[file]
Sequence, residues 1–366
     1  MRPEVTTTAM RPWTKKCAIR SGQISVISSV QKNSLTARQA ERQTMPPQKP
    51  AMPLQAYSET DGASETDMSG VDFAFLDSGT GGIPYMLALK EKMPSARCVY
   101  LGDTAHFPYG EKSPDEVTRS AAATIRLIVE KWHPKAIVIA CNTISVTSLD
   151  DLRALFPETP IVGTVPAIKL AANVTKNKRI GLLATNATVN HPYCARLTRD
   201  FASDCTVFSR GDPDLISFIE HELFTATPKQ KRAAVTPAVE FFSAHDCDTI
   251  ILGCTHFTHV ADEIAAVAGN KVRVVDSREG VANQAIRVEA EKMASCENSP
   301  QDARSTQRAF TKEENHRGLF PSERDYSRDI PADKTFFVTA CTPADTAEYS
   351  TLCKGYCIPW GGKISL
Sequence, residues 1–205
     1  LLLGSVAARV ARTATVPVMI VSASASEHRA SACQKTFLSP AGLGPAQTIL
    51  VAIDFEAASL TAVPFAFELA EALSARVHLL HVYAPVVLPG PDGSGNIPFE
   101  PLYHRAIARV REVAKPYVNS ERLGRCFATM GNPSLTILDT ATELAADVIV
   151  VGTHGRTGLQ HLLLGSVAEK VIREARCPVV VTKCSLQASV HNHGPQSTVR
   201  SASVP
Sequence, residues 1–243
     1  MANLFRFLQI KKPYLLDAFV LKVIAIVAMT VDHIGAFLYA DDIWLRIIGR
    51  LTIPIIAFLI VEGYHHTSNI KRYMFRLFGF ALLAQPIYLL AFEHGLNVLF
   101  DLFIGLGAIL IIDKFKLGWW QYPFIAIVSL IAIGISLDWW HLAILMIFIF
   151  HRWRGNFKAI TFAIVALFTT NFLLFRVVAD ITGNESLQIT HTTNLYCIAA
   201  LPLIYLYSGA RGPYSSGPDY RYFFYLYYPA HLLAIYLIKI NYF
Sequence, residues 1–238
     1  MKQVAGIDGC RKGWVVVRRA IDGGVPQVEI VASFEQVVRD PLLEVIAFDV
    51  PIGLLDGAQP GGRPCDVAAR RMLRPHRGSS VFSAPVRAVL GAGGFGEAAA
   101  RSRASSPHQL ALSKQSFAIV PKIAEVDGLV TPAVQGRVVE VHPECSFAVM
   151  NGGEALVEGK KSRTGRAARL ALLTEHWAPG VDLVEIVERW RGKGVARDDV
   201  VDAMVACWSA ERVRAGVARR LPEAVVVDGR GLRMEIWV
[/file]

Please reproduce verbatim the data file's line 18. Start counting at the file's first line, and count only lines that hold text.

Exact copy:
    51  LTIPIIAFLI VEGYHHTSNI KRYMFRLFGF ALLAQPIYLL AFEHGLNVLF